Google Pixel 7A vs. 7 vs. 7 Pro vs. 6A: specs comparison – The Verge

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By Sheena Vasani, a writer covering commerce, e-readers, and tech news. She previously wrote about everything from web development to AI at Inside.
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The new Pixel Fold wasn’t the only smartphone Google introduced during this year’s Google I/O keynote. The budget-friendly Pixel 7A, a phone that essentially functions as a stripped-down version of last year’s Pixel 7, is already available at multiple retailers for $499.
At 6.1 inches, Google’s latest Pixel phone is just as small as its predecessor, the Pixel 6A, but this year, it comes with a few extra perks not present on the last-gen model. That includes support for wireless charging, a new chipset, and a higher-refresh display for smoother scrolling — factors that surely play into the phone’s $50 price increase.
Of course, despite the extra features, there are some tradeoffs you’ll still have to make if you plan on buying the Pixel 7A over the $599 Pixel 7 and $899 Pixel 7 Pro. Google’s newer phone lacks a triple-camera array, for instance, as well as more robust waterproofing and extra storage options.
That’s just a small glimpse of the differences between the Pixel 6A, 7A, and the rest of Google’s Pixel 7 lineup, though. To help you better understand how the phones compare, we’ve summarized some of the key differences below. We’ve also organized some of the raw specs into a table just in case you’d like to explore these features in more detail.
First up, let’s talk refresh rates, one area where the Pixel 7A has a leg up on the prior model. If you spend a lot of time gaming on your phone, it may be worth forking out the extra $50 on the Pixel 7A over the Pixel 6A. That’s because the Pixel 7A, just like the Pixel 7, offers a 90Hz refresh rate compared to the Pixel 6A’s 60Hz. That, combined with an extra 2GB of RAM, should make for a more seamless experience when scrolling and switching between apps on the Pixel 7A and Pixel 7.
Of course, the Pixel 7 Pro offers the fastest experience thanks to its 120Hz refresh rate and 12GB of RAM. The Pixel 7 Pro is also the sharpest of the lot, thanks to its 1440p OLED display, which makes for a nicer viewing experience.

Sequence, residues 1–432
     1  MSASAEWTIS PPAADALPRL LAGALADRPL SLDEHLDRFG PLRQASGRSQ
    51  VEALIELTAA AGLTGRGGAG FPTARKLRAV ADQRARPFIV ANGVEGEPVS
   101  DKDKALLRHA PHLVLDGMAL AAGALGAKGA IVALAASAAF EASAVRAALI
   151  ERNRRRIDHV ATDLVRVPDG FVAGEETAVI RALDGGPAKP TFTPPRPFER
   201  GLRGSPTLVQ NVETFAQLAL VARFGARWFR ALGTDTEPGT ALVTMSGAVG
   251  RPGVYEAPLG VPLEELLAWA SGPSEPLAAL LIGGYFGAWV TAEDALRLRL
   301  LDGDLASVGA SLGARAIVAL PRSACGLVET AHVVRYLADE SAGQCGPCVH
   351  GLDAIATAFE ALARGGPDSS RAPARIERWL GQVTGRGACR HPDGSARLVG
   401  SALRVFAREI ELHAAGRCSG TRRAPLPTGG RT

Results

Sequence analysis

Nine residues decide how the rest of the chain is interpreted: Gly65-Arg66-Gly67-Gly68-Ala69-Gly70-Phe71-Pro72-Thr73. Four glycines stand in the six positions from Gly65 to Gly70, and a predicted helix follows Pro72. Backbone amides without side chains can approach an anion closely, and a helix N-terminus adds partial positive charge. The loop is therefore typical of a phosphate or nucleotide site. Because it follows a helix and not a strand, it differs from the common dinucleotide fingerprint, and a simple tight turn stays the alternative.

When it comes to performance, the Pixel 7A — like the Pixel 7 and Pixel 7 Pro — also uses Google’s new Tensor G2 chip. In addition to being faster than the Pixel 6A, that also means the phones sport some exclusive features. For instance, all of the Pixel 7 phones tout a new setting called Photo Unblur, which can sharpen blurry photos, even older images taken by non-Pixel cameras.
The Pixel 7 series also comes with a new Clear Calling feature, which reduces loud noises in the background while you’re talking on the phone. In contrast, the Pixel 6A is equipped with the still good yet older Google Tensor chipset. That means it lacks such features, though you can still do cool stuff like erase distracting photobombers with the Magic Eraser and sharpen the faces of moving subjects with Face Unblur.
Speaking of cameras, generally, the Pixel 7 and Pixel 7 Pro offer the most capable ones, with a triple-camera array that boasts the highest-resolution sensors. Only the Pixel 7 and Pixel 7 Pro sport 50MP wide cameras and 10.8MP front cameras, though the 7 Pro’s ultrawide camera offers a wider 125-degree field of view as well as autofocus. The Pixel 7 Pro adds a 48MP telephoto lens with up to 5x optical zoom as well, allowing you to capture even more detail. Both the Pixel 7 and Pixel 7 Pro are capable of capturing 4K video at 60fps, as can the Pixel 7A’s main camera.
However, the Pixel 7’s ultrawide camera and all of the Pixel 6A cameras can only capture 4K video at 30fps. The Pixel 6A and Pixel 7A also only sport dual-rear cameras, yet the 7A’s appear to be better on paper. While the 6A offers a 12MP main camera and 8MP front camera, the Pixel 7A offers higher-resolution sensors, with a 64MP main camera and 13MP shooter on the front. Interestingly, the Pixel 7A also boasts the highest-resolution ultrawide camera of all the phones, including the highest-end models, albeit at just 13MP as opposed to 12MP. We should note, however, that the main sensor on the 7A is physically smaller than that of the 7 and 7 Pro, meaning it’s not going to offer the same level of performance.
Finally, when it comes to battery life, the Pixel 7 Pro is equipped with the largest battery capacity. Strangely, though, the Pixel 6A’s battery is bigger than that of the Pixel 7A and Pixel 7. Yet, as we noted in our reviews, both the Pixel 6A and Pixel 7 offer great battery life, so regardless of size, they should all likely last you at least a full day. That said, when it comes to charging, the Pixel 7 lineup trumps the Pixel 6A, allowing you to do so wirelessly. Even the Pixel 7A offers 7.5W wireless charging — a first for an A-series Pixel phone.
That’s just a rough summary of some of the main differences between Google’s various phones. If you’d really like to get into the specifics, we’ve organized all the relevant specs in the table below.
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About the author

Parasshuram Shalgar

Parasshuram Shalgar

Parasshuram has a background in Physics and is fascinated by the scientific aspects of technology. He loves to explore how advancements in tech are shaping our future, from renewable energy to space exploration.